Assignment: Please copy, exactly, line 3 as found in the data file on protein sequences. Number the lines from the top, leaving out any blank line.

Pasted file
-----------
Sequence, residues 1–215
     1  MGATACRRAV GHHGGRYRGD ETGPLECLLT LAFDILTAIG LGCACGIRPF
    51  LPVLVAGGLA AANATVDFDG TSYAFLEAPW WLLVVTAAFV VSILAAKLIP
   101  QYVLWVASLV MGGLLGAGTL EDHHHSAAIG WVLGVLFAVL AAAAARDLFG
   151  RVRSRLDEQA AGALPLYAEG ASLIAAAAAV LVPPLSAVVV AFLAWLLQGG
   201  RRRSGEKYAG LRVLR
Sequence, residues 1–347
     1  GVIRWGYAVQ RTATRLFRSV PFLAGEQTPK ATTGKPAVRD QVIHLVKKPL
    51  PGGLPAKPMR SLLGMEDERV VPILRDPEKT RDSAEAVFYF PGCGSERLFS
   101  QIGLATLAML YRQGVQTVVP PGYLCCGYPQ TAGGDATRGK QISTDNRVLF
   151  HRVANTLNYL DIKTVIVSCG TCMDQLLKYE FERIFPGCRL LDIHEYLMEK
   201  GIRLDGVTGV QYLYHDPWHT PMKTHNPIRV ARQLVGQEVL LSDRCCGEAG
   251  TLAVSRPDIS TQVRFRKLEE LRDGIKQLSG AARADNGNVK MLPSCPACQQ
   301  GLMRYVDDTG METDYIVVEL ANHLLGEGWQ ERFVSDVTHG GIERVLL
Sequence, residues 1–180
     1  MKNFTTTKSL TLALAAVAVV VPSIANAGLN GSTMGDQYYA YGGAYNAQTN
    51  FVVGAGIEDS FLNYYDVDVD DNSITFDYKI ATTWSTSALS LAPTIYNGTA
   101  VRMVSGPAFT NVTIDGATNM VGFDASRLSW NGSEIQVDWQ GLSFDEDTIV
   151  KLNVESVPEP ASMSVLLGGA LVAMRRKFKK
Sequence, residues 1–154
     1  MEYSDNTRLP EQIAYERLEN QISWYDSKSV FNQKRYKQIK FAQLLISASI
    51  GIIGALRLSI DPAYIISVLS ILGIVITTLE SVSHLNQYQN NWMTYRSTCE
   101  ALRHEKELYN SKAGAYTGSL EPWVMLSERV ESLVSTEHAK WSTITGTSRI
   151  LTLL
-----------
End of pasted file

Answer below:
    51  LPVLVAGGLA AANATVDFDG TSYAFLEAPW WLLVVTAAFV VSILAAKLIP